The New Palgrave Dictionary of Economics, 2011, 5.
Cambridge, fluxions, Keynes, Mandeville, Paley, and population
The whole of Paley's contribution to economics is contained in a single chapter of Moral and Political Philosophy (1785). The object of ‘rational politics’ is to maximize ‘happiness’, and Paley argued that this is achieved by maximizing population. Population is determined by the total supply of ‘provisions’ produced by the agricultural sector. The demand (and hence supply) for ‘provisions’ and for ‘luxuries’ are reciprocally determined. As in Mandeville, the taste for ‘luxuries’ stimulates production. But it also acts in the opposite direction because it deters population. Paley explicitly recognised the optimization problem and was the first economist to do so.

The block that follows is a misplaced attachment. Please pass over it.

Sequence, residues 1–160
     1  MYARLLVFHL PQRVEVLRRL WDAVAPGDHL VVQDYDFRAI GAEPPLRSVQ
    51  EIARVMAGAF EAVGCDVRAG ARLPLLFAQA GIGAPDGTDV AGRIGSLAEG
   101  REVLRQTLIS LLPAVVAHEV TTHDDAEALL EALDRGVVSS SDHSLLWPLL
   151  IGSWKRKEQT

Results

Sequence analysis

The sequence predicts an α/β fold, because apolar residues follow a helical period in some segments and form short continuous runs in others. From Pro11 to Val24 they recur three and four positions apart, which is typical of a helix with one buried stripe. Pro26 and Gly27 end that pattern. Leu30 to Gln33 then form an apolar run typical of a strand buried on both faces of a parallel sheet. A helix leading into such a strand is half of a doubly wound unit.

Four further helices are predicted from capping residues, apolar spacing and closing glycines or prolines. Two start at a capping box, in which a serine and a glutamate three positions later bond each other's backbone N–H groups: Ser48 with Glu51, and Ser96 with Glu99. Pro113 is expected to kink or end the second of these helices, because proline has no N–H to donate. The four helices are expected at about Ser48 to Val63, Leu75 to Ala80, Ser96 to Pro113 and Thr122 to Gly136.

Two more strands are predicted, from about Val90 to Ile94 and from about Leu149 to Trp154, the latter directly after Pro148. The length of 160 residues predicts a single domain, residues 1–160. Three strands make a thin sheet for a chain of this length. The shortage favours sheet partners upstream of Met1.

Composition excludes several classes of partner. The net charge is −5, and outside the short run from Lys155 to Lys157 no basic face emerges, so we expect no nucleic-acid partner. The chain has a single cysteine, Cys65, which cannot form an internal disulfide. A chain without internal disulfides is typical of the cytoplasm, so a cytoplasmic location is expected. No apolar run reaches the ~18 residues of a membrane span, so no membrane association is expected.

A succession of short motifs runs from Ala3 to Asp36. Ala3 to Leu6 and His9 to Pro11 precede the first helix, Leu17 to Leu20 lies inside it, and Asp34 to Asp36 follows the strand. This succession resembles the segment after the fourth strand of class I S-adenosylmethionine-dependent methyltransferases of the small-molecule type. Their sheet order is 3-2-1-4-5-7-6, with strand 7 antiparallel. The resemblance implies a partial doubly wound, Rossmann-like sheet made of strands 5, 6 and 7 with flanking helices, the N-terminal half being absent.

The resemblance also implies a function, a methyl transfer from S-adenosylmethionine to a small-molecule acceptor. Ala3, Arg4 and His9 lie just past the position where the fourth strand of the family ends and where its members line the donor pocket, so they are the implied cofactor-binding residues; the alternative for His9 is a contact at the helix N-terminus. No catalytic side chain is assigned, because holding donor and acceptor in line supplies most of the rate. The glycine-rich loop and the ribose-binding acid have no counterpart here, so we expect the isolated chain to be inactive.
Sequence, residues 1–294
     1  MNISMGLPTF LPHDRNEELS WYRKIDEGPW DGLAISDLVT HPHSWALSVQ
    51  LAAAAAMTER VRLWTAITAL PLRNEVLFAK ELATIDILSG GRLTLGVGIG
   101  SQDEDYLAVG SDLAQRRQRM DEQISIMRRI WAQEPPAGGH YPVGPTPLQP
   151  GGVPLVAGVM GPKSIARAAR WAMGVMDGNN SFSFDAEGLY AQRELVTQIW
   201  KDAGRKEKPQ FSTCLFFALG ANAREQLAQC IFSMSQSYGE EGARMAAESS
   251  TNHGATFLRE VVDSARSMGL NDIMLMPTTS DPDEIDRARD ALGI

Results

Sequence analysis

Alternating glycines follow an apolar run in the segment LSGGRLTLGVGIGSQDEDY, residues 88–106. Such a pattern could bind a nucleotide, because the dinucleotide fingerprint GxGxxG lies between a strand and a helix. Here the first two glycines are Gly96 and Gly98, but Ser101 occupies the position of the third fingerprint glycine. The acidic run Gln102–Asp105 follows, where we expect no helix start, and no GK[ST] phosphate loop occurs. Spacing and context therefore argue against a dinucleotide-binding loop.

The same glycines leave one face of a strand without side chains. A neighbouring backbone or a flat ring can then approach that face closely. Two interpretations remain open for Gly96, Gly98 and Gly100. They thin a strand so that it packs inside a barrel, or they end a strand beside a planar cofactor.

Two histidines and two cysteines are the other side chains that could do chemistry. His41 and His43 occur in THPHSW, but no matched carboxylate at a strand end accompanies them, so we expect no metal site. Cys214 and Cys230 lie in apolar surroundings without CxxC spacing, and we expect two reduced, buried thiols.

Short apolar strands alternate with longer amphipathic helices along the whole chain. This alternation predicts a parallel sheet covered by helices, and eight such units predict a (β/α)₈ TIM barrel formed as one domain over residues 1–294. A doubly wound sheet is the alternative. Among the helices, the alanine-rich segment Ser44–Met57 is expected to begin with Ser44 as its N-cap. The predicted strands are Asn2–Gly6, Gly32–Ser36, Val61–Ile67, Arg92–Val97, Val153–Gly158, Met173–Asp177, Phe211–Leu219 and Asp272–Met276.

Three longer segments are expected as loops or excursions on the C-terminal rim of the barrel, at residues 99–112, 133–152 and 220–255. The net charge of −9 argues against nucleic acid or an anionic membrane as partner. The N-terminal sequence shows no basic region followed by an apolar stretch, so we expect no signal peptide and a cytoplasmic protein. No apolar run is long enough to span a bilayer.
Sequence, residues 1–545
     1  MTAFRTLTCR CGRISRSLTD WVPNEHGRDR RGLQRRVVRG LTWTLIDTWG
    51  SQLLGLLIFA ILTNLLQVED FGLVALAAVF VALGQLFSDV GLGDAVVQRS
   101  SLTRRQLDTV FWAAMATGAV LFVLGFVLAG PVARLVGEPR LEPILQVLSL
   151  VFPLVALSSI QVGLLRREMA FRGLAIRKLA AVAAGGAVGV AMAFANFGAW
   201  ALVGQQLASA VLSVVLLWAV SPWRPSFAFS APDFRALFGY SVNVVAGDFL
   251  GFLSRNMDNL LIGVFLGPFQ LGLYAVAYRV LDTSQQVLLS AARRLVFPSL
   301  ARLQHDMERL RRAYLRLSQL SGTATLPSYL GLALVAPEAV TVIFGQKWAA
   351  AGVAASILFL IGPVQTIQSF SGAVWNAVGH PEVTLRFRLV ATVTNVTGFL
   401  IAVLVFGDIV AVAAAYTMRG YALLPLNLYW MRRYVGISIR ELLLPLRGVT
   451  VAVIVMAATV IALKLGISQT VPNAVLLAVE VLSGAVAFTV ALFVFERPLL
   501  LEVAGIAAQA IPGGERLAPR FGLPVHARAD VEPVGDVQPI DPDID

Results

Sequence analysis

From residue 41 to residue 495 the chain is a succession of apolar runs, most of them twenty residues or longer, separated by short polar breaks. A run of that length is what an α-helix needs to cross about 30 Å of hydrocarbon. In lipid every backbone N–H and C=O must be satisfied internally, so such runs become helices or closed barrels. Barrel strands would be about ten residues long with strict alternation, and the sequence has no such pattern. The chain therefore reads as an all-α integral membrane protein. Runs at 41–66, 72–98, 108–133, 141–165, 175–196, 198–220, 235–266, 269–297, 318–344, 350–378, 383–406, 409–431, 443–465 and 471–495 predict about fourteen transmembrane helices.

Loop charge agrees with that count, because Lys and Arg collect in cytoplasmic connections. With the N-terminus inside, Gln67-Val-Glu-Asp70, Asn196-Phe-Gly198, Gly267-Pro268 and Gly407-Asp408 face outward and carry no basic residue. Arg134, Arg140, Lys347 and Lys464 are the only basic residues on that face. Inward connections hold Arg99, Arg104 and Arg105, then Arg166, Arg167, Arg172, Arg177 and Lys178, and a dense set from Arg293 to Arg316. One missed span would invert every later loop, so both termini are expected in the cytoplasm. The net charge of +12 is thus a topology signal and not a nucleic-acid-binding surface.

Fortune. 9/6/1999, Vol. 140 Issue 5, p226-228. 3p. 2 Color Photographs, 2 Black and White Photographs.
Features three nominees for the 1999 `Fortune' Businessman of the Century award. Profiles of nominees William Paley of CBS, Henry Luce of Time Inc., and David Sarnoff of RCA; Contributions made by William Randolph Hearst of Hearst Newspapers, Rupert Murdoch of News Corp. and Ted Turner of Time Warner.
New Blackfriars. Apr2016, Vol. 97 Issue 1069, p266-288. 23p.
DESIGN and TELEOLOGY
The article presents the views of philosopher Thomist Edward Feser on some common objections to philisopher William Paley's argument from design. Topics discussed include Saint Thomas Aquinas Aristotelian conception of teleology differentiates the proof from the non-Aristotelian 'design arguments' of Paley, and God's existence being compatible and very similar.